The Court will apply the usual factors for making financial orders as to first how those factors were assessed at the time of the original order and secondly how those factors as assessed now have changed. The circumstances of both parties are scrutinised. To give an extreme example: if the paying party under a maintenance order has hit hard times and the recipient party has new-found wealth, the original order may be varied to lower or end the maintenance: the payer can no longer afford to pay the maintenance and the recipient no longer needs the maintenance. To take another extreme: if the paying party has obtained newfound wealth and the recipient party has become unwell and is unable to work, the original may be varied to increase the maintenance.

By way of a non-exhaustive list of factors which might be a change of circumstances significant to a variation application:

  1. Any material increase/decrease to the incomes of the parties;
  2. Any windfall of capital to either party;
  3. Changes in geographic location;
  4. Cohabitation or re-marriage (see below);
  5. Loss of employment;
  6. Ill-health or death of either of the parties or any dependants.

Essentially the Court will look at:

  • What were the circumstances at the time of the original order;
  • How those circumstances shaped the original order;
  • What has changed;
  • What would the Court order now looking at matters afresh.

Cohabitation and Re-marriage

A motivating factor in some variation applications is the cohabitation or re-marriage of one or both of the parties. Whilst cohabitation and/or re-marriage does not entail an automatic variation of the original order it can be a prevalent factor in a variation application. Re-marriage of the recipient ends spousal maintenance.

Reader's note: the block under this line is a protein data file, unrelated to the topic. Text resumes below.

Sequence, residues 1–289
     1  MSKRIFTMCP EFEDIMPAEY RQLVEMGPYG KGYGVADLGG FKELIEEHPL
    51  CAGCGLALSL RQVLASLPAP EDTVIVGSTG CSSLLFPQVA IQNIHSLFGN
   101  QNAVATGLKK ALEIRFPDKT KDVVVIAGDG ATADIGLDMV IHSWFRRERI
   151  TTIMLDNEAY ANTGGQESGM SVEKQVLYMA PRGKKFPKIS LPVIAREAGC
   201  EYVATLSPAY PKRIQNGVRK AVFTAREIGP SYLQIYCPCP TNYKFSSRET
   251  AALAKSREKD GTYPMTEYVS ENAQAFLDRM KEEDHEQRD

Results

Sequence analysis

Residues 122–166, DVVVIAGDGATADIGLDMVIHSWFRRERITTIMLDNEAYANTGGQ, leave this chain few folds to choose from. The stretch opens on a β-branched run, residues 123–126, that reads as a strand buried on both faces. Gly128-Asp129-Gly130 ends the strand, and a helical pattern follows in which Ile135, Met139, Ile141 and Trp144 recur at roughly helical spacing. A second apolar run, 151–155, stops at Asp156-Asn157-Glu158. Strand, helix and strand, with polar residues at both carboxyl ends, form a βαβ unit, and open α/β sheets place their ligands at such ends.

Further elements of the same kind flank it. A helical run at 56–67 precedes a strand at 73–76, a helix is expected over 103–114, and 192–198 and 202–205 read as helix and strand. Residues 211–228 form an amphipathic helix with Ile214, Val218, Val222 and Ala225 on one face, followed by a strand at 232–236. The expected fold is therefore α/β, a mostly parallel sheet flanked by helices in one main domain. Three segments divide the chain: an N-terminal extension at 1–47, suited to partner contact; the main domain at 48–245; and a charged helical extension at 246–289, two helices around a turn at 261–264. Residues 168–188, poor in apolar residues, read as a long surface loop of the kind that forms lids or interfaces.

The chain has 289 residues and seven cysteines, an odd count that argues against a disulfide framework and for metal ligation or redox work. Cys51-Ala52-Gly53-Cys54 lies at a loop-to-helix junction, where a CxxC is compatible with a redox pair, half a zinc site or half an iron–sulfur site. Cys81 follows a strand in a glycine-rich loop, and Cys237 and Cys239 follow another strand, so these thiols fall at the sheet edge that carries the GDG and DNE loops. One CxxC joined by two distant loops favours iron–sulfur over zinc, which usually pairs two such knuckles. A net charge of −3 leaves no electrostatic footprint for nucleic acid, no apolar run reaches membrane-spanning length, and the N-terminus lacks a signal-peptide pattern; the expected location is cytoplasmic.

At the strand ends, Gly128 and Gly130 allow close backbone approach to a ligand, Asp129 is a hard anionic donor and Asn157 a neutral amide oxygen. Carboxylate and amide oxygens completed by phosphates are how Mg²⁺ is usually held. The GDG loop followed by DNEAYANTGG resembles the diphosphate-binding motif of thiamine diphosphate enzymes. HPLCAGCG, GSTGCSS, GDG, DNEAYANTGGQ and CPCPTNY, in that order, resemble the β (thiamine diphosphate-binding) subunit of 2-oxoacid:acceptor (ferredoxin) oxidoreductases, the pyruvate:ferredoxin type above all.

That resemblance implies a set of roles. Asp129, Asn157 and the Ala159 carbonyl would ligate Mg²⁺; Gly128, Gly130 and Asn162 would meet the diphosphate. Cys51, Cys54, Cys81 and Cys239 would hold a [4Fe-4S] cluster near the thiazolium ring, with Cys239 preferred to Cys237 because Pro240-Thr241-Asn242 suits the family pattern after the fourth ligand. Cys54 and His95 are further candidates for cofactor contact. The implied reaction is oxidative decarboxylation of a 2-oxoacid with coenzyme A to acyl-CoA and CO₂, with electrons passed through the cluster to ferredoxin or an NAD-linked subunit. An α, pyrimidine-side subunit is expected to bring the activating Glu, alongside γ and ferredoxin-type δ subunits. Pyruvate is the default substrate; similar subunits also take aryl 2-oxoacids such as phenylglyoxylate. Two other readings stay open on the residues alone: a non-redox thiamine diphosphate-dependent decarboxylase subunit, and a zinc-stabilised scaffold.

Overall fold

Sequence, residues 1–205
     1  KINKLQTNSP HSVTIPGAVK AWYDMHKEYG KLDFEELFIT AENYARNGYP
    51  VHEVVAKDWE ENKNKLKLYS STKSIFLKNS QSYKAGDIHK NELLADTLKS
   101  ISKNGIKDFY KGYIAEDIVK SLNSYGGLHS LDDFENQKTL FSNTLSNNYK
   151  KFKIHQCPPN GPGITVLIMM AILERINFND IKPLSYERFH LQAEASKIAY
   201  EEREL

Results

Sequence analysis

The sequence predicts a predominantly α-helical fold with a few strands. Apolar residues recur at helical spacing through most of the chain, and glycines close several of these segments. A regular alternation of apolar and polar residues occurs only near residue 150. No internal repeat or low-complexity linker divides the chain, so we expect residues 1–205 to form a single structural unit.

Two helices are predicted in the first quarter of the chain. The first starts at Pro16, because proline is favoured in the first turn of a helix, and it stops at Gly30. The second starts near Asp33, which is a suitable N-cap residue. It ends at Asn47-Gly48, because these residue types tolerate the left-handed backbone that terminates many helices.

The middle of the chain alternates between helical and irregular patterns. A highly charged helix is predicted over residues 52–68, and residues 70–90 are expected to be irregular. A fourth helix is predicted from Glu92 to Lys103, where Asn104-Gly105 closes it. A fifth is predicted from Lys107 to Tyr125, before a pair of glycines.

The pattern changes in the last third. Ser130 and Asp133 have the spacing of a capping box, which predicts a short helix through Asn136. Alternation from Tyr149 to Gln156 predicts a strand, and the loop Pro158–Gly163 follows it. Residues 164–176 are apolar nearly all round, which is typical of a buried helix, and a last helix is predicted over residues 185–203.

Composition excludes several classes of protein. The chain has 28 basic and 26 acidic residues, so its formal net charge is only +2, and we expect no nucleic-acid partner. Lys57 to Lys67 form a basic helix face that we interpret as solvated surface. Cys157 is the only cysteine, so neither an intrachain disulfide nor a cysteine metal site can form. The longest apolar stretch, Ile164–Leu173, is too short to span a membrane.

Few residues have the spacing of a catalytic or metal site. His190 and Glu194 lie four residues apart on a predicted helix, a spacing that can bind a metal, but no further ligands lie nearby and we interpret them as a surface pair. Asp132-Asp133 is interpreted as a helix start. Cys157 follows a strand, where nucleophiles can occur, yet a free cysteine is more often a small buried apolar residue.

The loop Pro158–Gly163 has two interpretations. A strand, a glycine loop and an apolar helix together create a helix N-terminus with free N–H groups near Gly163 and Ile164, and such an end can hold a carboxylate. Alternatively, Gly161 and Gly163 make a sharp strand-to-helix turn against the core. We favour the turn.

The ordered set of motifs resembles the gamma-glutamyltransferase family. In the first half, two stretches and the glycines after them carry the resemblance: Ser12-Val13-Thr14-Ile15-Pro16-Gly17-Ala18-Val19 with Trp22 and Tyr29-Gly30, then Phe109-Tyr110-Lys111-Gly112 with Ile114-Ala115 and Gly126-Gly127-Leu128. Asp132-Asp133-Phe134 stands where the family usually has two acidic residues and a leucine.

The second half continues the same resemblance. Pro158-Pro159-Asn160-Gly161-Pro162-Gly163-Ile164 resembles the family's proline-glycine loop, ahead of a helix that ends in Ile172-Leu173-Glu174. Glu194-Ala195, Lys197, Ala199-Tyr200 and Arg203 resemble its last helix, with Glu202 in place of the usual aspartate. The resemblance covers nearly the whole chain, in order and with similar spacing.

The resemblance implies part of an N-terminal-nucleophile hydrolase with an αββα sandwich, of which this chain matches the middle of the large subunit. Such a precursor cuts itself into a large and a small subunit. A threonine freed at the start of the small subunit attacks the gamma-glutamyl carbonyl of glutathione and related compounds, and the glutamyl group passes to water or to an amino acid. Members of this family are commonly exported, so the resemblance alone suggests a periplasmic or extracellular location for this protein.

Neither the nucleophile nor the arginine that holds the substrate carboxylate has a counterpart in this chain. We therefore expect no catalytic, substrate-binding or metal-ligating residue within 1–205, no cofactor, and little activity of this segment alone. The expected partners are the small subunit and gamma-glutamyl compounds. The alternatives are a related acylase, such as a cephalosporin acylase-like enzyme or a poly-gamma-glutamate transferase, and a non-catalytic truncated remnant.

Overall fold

The Court will need to know more about the circumstances rather than just the fact of the cohabitation or re-marriage including the practical arrangements, the financial circumstances of the new cohabitee/spouse, the length of the relationship, whether there has been a merger of financial affairs and numerous other factors to paint the picture of the new relationship and how, if at all, it should impact on the original court order.

The newly cohabiting recipient party will not automatically be subject to a downward variation of maintenance although it is possible. A cohabitant is treated, rather coldly by the Courts, as if a form of income from work. 

If the paying party is cohabiting or has re-married then their new financial circumstances will be taken into account and this will include any new financial obligations although the needs of the new cohabitee/spouse will not be given priority over the needs of the first spouse.

As with all variation applications there is a large discretion available to the Court and all circumstances will need to be taken into account. Legal advice is essential, if only a preliminary meeting to understand the rights and duties. 

For more information about variation applications or other questions you may have, please contact a member of our specialist family law team. You can do so via our website, by email to enquiries@iflg.uk.com or telephone on +44 (0) 203 178 5668.

© 2016 The International Family Law Group LLP